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Promising 2D material opens path for next-gen spintronics

Posted: 03 Feb 2016 ?? ?Print Version ?Bookmark and Share

Keywords:National University of Singapore? spintronics? 2D material? MoS2? transistor?

By comparing the theoretical and experimental results, the two research groups were able to extract spin lifetimes and also determine that the relaxation was driven by the Dyakonov-Perel type where electron spins live longer in dirtier samples.

"Aside from investigating the fundamental properties of low field magnetotransport in molybdenum disulfide, our team was able to establish the mechanism for spin scattering to reveal the properties of the electron spin," said Hennrik Schmidt, who was a research fellow working under the supervision of Eda when the study was conducted.

Commenting on the significance of the discovery, Adam noted that spin-based devices would generally lead to lower energy consumption as compared to conventional electronics. He explained, "The combination of MoS2 being a semiconductor and the long spin lifetimes open up opportunities in spintronics, where the electron spin and not the electron charge is used to transport information. Such unconventional devices could allow for next generation low-power devices."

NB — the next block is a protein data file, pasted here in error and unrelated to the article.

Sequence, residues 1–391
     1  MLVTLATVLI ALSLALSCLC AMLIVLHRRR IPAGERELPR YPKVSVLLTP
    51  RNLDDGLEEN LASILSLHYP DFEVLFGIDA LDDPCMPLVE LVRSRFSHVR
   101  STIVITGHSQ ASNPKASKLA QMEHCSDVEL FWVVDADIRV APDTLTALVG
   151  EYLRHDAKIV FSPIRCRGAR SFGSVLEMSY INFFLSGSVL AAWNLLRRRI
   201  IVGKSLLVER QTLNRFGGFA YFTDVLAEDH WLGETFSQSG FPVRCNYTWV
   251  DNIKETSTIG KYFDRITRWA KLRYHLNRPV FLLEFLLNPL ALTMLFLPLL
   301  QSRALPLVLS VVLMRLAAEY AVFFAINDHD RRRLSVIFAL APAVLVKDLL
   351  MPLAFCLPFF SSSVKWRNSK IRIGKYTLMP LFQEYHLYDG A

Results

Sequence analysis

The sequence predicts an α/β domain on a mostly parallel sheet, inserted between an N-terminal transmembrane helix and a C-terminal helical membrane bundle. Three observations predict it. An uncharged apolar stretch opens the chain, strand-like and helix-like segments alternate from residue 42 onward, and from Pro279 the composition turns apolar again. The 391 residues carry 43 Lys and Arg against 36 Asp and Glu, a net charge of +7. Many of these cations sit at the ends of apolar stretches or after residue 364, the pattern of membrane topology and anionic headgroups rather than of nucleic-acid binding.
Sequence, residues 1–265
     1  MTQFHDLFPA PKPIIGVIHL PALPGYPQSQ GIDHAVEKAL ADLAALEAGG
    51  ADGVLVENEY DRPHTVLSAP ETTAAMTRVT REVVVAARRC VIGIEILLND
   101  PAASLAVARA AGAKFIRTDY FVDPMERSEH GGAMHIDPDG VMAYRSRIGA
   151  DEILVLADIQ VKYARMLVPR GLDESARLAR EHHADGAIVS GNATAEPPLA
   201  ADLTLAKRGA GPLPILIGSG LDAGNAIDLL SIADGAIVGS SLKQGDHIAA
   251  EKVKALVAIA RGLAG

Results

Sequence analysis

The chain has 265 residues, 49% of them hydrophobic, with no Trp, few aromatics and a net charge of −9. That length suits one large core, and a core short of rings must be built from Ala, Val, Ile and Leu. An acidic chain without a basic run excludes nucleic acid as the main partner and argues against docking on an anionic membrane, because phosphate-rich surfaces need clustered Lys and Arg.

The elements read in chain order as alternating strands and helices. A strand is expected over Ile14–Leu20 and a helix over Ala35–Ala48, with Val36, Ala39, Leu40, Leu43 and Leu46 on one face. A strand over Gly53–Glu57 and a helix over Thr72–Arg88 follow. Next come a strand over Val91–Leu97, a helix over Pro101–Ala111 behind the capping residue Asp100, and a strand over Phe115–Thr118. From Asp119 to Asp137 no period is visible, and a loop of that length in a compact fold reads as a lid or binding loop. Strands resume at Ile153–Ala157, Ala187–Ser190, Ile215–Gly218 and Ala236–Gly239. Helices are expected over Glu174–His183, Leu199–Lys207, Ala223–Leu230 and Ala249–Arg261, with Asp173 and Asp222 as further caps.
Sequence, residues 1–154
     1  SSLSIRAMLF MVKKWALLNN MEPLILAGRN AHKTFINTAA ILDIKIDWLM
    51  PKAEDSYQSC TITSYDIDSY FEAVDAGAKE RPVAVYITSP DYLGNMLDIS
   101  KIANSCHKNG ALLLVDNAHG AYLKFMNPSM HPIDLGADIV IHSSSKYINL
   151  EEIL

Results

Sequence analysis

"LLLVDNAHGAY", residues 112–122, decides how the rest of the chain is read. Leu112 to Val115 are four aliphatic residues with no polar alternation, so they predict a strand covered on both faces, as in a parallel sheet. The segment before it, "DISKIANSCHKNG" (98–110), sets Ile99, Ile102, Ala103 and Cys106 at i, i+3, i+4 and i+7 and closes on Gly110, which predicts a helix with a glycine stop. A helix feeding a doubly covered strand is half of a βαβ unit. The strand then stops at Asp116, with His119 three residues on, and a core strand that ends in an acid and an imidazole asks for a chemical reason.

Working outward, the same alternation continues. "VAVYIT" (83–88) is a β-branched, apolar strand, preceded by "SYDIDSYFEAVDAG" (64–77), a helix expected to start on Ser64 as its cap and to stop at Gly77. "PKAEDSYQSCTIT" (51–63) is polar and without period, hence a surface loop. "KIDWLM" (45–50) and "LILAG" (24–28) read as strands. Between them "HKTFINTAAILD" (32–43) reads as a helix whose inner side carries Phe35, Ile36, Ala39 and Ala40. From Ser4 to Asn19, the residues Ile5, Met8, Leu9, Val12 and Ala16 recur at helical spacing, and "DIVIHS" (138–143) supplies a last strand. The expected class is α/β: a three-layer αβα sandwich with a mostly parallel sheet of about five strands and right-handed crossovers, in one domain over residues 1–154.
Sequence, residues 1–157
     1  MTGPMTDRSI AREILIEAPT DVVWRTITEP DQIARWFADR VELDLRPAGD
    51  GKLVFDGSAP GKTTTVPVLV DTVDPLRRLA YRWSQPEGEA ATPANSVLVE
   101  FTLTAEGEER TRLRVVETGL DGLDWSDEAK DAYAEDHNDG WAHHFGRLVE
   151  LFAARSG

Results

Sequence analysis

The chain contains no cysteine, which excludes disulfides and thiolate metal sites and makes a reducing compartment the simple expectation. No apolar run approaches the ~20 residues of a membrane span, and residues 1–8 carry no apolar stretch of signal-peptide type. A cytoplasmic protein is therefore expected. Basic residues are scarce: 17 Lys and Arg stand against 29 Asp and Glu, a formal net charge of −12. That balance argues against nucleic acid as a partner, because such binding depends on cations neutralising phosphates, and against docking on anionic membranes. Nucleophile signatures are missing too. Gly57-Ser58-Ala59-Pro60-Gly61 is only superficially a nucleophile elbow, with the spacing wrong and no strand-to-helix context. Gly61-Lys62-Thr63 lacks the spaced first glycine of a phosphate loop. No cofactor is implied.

Professor Yoshihiro Iwasa, director of the Centre for Quantum-Phase Electronics at the University of Tokyo, and a world expert on quantum devices who first reported superconductivity in this class of materials remarked, "2D materials have been anticipated as a promising platform for spintronics. I feel that this very comprehensive study of the analysis of the electron spin life time will provide crucial information for further pushing the research toward the realisation of a new generation of spintronic devices."

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